BY KIRBY L. WYCOFF, PSY.D., NCSP
The May 22, 2018 article by Rennie Dyball entitled “Riders, Body Image and ‘The Look” struck a chord with many in the equestrian world. Ms. Dyball bravely and candidly shared her thoughts and personal experiences around the thin ideal and body shaming in equine sports. She shared a personal experience during a recent tack store visit when a well-intended clerk called her “curvy” and suggested a longer jacket to cover her rear end. Like many other readers, I experienced a whole host of feelings as I read the article. I was proud (virtual fist pump) to see the author address the issue of body image and weight head on and at the same time, supremely annoyed at the clerk who engaged in body-shaming in a tack store, likely without even realizing it. The message in the article was one of empowerment and positivity with a clear call to action on the part of the equestrian community.
As a mental health professional who spends much of my time working with young people and their families, I want to build on this call to action. Popular parenting books were referenced in the article, noting “How do you talk to your daughter about the way her body looks? You don’t.” To this I say, “Yes you DO!” Certainly, you don’t haphazardly and insensitively comment on young women (or young men’s) physical appearance, weight, or body. However, we do want to engage in open and authentic dialogue with young people where we make it safe to talk about things like body image, self-esteem, and healthy living. The best prevention for a whole host of negative outcomes in adolescence and beyond is a relationship with a caring adult with whom the young person can talk openly. This includes talking about weight, body image and being “curvy” in a sport that emphasizes the “thin look.”
So, what is body image? Essentially, body image refers to the way that an individual sees and feels about their body. The way one views their own body can be influenced by both internal feelings and external comments, behaviors and reactions of those around them. As many as 72% of women in the United States report some level of body dissatisfaction. The idealization of “thinness” is common, particularly in cultures where thinness is affiliated with happiness, beauty, success, popularity and youth- and being heavy is associated with laziness and lack of control. For individuals who don’t fit into this thin ideal, there is often stigmatization and body shaming.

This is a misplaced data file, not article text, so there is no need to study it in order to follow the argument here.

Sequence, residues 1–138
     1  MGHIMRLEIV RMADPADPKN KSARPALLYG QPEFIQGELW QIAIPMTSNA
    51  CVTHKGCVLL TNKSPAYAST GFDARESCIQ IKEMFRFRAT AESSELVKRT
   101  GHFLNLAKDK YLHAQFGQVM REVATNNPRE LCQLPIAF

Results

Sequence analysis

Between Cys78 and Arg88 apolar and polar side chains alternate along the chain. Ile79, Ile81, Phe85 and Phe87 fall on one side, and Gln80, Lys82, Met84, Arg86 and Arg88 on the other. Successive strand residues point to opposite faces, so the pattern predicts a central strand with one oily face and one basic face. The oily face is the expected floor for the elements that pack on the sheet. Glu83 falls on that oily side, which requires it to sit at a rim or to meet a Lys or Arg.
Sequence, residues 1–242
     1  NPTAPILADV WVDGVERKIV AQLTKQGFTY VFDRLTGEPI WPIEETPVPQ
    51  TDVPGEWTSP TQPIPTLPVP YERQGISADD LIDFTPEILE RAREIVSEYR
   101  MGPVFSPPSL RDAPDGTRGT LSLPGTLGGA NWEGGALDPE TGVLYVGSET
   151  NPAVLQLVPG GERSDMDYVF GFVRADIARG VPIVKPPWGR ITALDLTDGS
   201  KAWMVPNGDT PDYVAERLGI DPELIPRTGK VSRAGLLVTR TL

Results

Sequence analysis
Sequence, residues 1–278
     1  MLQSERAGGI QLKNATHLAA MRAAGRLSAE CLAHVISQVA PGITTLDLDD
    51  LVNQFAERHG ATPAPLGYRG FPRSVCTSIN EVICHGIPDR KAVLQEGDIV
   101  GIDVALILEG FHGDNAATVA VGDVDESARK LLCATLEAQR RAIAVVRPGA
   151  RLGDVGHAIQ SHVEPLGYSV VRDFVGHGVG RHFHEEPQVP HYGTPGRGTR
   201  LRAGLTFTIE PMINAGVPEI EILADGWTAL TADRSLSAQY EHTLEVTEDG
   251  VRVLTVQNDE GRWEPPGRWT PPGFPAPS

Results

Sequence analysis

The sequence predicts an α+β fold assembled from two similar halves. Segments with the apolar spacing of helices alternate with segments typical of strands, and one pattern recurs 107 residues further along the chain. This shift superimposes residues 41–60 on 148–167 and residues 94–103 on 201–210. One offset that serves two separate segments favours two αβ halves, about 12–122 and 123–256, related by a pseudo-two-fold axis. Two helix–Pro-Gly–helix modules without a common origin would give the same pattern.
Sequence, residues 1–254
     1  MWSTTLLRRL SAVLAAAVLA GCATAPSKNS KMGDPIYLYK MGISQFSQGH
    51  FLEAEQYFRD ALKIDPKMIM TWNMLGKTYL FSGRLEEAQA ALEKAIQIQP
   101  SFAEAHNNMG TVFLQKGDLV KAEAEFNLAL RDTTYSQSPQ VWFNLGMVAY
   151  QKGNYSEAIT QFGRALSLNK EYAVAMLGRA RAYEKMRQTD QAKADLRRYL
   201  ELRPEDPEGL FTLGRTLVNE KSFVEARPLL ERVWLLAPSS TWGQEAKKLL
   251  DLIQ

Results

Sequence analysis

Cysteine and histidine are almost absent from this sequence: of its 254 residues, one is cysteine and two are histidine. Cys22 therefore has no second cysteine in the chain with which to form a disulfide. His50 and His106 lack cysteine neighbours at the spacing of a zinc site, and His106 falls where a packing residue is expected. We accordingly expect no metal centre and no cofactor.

Negative body-image and disordered eating are common in female athletes. Disordered eating is characterized by abnormal eating behaviors, caloric restriction, distorted thinking around food, excessive exercise, preoccupation with food, low self-esteem, drastic weight changes, and overall body shape dissatisfaction. This can also include self-objectification and perfectionism as well, two things that may be particularly relevant in some equine sports. Over 1/3 of NCAA Division 1 female athletes have attitudes and symptoms that place them at a risk of developing a clinically significant eating disorder, many of which appear to be performance-related. This is often connected to a belief that a reduction in weight will improve performance. Of course, there is no reason why we can’t highlight strength, balance, and conditioning for both the human and equine athlete in equine sports. But doing so to an extreme level or focusing solely on how things look rather than how they function does young people a disservice.
Young women in judged sports are at an increased risk for eating disorders compared to young women participating in referred sport. In addition to increased risks for depression and anxiety, these young women may be at risk of experiencing the “Female Triad” which includes disordered eating, amenorrhea (an unexpected absence of menstruation) and osteoporosis (decreased bone density). Of great relevance to the world of equestrian sport is that these physical changes in the body can increase women’s risk by as much as 8x for serious musculoskeletal injury. Anyone that has ever swung a leg over the back of a horse knows that one of the inherent risks of getting on is falling off!